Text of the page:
An ideal gene vector should possess good biocompatibility to avoid unnecessary physical side effects. Therefore, the cytotoxicity effect of DMSN and DMSN-PEI were measured in RAW264.7 and TC-1 cells using CCK-8 assay. As depicted in Fig. 1J, K, DMSN and DMSN-PEI exhibited no obvious toxicity to the two cell types after incubation for 48 h, even at treatment concentration up to 320 µg mL−1. Moreover, the hemolysis ratio is a key index associated with the safety assessment of particles used for injection [40]. To further investigate the blood compatibility of DMSN and DMSN-PEI, a hemolytic test was performed as previously reported. It is known that the occurrence of hemolysis will cause hemoglobin release from RBCs, and the final obtained solution will turn red. As shown in Fig. 1L, the digital images helped us intuitively understand the hemolysis caused by DMSNs and DMSN-PEI at different concentrations (20, 40, 80, 160, and 320 µg mL−1). Compared to the negative control, naked DMSNs resulted in a slight red color of the solution at a concentration of 20 µg mL−1, and shades of red deepened with consistent increase. Surprisingly, DMSN-PEI treatment revealed no obvious color changes in the range of 20–320 µg mL−1. Subsequently, hemolytic ratios were determined and the result was displayed in Fig. 1M, in terms of DMSNs, after the treatment concentration reached 320 µg mL−1, the determined hemolytic ratio was 67.59%. The DMSN-PEI treatment was 0.88% under the same condition, indicating that DMSN-PEI had better hemocompatibility than DMSNs. Collectively, these results indicate that DMSN-PEI have good biocompatibility in vitro and may serve as an ideal gene vector for in vivo application.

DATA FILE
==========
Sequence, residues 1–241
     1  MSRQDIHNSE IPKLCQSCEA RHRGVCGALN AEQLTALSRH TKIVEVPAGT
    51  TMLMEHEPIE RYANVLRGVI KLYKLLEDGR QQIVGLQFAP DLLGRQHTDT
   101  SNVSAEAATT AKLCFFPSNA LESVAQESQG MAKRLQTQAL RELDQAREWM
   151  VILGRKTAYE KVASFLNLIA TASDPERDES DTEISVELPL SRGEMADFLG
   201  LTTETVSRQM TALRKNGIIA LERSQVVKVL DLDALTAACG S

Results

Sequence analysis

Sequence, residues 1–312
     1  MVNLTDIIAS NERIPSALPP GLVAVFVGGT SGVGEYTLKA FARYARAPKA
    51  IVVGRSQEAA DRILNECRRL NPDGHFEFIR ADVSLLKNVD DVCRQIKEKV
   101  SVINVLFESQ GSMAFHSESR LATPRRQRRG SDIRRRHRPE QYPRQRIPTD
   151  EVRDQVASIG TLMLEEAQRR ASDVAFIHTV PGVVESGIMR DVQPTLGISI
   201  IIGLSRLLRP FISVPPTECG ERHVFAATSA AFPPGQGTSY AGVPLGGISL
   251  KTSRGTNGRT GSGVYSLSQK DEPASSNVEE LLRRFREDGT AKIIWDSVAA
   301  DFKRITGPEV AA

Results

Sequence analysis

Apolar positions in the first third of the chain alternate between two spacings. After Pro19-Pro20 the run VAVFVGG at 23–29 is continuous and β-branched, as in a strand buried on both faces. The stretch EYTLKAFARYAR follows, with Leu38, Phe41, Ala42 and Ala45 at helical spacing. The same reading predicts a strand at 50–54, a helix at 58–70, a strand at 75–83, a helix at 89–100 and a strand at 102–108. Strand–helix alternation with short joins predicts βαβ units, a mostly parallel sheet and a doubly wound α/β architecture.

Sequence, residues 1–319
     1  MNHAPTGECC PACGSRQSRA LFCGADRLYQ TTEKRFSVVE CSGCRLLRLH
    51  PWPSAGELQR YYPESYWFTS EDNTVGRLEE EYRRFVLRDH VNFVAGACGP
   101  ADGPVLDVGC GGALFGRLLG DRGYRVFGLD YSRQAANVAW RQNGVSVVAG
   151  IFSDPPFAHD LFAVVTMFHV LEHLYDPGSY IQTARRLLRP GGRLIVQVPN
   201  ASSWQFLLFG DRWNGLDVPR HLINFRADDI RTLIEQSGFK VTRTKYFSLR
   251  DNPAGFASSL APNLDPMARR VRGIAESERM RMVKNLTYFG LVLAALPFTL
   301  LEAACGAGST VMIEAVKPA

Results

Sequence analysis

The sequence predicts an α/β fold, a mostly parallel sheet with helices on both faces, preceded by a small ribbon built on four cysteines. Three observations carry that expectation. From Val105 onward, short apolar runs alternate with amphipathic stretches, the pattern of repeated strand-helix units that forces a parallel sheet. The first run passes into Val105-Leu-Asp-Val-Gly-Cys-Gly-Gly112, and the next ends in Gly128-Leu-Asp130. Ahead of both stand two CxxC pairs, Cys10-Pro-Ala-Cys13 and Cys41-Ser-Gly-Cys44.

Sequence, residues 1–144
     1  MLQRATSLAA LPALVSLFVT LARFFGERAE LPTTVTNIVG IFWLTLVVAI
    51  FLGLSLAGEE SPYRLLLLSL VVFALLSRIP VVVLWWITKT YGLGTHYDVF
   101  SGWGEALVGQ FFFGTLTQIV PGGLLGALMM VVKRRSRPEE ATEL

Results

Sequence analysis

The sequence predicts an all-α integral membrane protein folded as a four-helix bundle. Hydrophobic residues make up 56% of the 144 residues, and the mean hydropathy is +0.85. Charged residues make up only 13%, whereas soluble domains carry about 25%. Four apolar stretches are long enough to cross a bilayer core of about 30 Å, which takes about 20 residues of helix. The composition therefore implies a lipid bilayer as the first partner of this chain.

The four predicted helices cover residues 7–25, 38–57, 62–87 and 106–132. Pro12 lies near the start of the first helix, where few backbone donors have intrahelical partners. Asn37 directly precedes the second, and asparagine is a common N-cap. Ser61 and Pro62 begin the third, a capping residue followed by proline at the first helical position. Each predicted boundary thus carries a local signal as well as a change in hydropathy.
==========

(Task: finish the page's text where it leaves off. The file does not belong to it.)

Synthesis, characterization, and cellular uptake of DMSN-PEI@125a in vitro and in vivo